Chapter 2: Sociological Investigation
CONTROVERSY & DEBATE
CONTROVERSY & DEBATE
Can People Lie with Statistics?
Is research-especially research involving numbers-always as "factual" as we think? Not according to the great English politician Benjamin Disraeli, who once remarked, "There are three kinds of lies: lies, damned lies, and statistics!" In a world that bombards us with numbers-often described as "scientific facts" or "official figures"-it is worth pausing to consider that "statistical evidence" is not necessarily the same as truth. For one thing, any researcher can make mistakes. For another, because data do not speak for themselves, someone has to interpret what they mean. Sometimes, people (even sociologists) "dress up" their data almost the way politicians deliver campaign speeches-with an eye more to winning you over than getting at the truth.
The best way not to fall prey to statistical manipulation is to understand how people can mislead with statistics.
1. People select their data. Many times, the data presented are not wrong, but they are not the whole story. Let's say someone who thinks that television is ruining our way of life presents statistics indicating that we watch more TV today than a generation ago. Moreover, during the same period, College Board scores have fallen. Both sets of data may be correct, but the suggestion that television is lowering test scores is unproven. Moreover, a person more favorable to television might counter with the additional "fact" that our country spends much more on books today than a generation ago, suggesting that television creates new intellectual interests. In sum, people can find statistics that seem to support just about any political argument.
2. People interpret their data. Another way people manipulate statistics is to "package" them with a ready-made interpretation, as if numbers can mean only one thing. One publication, for example, presented the results of a study of U.S. children living in poverty (National Center for Children in Poverty, cited in Population Today, 1995). As the figure shows, the researchers reported that 43 percent of these children lived in a household with no working parent, 39 percent lived in a household with one or two parents employed part time, and 18 percent lived in a household with one or two parents working full time. The researchers labeled this figure "Majority of Children in Poverty Live with Parents Who Work." Do you think this interpretation is accurate or misleading?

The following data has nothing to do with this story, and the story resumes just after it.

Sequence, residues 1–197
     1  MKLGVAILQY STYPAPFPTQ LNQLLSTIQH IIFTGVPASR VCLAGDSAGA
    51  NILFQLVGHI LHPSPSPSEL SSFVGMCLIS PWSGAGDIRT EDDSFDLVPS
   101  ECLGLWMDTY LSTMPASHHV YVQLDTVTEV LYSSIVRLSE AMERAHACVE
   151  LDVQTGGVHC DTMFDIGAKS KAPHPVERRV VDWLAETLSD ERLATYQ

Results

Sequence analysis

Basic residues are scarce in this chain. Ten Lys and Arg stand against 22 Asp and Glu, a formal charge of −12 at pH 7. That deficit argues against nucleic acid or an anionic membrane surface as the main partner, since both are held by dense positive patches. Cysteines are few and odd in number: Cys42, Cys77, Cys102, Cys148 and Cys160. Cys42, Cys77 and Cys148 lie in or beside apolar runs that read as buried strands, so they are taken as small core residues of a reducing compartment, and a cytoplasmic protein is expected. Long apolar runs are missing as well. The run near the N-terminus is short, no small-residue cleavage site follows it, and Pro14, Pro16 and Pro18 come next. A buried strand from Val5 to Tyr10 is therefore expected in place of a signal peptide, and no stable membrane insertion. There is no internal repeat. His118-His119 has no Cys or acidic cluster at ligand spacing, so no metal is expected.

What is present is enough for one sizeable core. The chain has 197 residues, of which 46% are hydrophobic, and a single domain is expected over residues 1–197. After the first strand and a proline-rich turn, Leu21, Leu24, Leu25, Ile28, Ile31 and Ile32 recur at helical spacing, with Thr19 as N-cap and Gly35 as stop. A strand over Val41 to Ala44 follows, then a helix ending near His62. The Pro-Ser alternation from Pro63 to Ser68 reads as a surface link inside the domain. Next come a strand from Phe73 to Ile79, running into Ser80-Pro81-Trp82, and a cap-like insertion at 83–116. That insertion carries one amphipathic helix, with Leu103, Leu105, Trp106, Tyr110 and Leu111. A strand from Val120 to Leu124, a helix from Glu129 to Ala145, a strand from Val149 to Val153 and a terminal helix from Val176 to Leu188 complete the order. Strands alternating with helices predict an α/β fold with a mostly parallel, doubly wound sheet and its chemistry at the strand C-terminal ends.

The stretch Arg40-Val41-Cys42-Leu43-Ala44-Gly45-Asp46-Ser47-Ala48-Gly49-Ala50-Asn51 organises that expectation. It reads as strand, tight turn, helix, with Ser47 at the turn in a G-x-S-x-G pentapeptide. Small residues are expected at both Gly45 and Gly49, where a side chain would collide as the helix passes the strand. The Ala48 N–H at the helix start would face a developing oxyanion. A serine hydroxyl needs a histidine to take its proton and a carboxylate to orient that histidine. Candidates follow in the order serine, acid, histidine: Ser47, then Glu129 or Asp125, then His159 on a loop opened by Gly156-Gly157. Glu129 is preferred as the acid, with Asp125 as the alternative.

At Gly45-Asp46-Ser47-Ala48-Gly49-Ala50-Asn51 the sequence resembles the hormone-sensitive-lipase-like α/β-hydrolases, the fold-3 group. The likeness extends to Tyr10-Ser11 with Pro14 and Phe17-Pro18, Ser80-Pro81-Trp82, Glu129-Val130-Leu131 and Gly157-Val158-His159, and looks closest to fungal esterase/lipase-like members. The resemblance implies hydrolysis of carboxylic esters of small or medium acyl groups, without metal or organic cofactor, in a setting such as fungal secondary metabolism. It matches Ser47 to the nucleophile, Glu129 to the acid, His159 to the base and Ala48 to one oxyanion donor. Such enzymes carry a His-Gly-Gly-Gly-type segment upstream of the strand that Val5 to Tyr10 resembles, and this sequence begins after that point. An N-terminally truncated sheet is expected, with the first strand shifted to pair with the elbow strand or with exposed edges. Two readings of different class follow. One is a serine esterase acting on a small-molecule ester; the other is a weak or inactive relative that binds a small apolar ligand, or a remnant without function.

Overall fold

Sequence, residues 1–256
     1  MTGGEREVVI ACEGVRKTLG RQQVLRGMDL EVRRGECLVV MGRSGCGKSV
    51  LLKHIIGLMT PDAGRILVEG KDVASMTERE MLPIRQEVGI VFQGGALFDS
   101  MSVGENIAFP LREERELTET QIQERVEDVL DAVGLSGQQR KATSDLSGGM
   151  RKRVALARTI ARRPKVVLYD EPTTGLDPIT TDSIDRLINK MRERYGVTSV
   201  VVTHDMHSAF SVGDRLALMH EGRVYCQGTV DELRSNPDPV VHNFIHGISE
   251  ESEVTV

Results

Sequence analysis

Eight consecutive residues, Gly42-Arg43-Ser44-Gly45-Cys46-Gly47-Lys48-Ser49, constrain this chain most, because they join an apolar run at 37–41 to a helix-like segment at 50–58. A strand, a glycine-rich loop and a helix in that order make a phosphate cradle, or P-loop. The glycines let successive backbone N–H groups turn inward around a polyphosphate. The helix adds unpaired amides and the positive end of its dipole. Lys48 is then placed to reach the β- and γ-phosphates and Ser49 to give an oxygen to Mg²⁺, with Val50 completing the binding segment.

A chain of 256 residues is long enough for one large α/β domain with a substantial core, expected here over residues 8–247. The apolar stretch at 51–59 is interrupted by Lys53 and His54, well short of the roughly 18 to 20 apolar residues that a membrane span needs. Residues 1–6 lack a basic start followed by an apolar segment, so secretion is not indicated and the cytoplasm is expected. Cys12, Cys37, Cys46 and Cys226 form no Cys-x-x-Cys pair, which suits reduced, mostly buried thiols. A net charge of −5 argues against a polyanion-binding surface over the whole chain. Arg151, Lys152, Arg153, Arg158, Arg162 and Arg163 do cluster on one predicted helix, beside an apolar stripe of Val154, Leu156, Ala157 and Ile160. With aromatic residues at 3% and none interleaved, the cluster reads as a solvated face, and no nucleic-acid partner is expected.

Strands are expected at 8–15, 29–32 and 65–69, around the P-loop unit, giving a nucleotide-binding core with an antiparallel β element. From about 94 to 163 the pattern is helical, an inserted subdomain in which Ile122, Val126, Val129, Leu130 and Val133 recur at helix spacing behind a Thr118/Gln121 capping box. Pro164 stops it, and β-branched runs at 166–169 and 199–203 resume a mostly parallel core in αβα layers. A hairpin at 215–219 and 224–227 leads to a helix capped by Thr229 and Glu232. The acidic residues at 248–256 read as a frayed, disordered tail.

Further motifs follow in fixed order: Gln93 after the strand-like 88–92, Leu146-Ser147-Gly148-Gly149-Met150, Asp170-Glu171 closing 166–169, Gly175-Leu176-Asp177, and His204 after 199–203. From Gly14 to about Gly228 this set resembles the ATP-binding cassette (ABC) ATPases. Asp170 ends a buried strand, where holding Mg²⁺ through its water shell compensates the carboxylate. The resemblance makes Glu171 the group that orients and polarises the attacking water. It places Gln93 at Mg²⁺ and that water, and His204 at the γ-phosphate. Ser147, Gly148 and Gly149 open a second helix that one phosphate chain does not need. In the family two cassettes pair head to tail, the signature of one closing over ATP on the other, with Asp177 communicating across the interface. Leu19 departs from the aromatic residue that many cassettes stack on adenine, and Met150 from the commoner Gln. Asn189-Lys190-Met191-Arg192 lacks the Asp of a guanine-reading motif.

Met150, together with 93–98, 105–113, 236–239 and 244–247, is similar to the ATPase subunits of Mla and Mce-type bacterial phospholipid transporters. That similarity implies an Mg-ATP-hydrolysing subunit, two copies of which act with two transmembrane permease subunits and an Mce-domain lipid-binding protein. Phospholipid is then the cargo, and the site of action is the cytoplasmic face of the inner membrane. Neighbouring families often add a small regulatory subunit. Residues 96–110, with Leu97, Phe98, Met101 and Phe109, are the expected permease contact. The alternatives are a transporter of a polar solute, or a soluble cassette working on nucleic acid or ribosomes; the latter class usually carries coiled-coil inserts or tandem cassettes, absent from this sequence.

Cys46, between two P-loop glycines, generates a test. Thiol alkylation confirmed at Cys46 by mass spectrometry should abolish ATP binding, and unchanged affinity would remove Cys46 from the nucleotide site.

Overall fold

3. People use graphs to "spin" the truth. Especially in newspapers and other popular media, we find statistics in the form of charts and graphs. Graphs help explain data, showing, for example, an upward or downward trend. But they also give people the opportunity to "spin" data in various ways. What trend we think we see depends, in part, on the time frame used in a graph. Looking at just the last few years, for instance, we would see the U.S. crime rate going downward. But, looking at the last few decades, we would see an opposite trend: The crime rate pushes sharply upward.
The scale used to draw a graph is also important because it lets a researcher "inflate" or "deflate" a trend. Both graphs below present identical data for College Board SAT scores between 1967 and 1995. But the left-hand graph stretches the scale to show a downward trend; the right-hand graph compresses the scale, making the trend disappear. So, understanding what statistics really mean depends on being a careful reader!
Continue the debate . . .
1. Why do you think people are so quick to accept "statistics" as true?
2. From a scientific point of view, is spinning the truth acceptable? What about from a critical approach trying to advance social change?
3. Can you find a news story on some social issue that you think presents biased data or conclusions? What are the biases?
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Margin of Error
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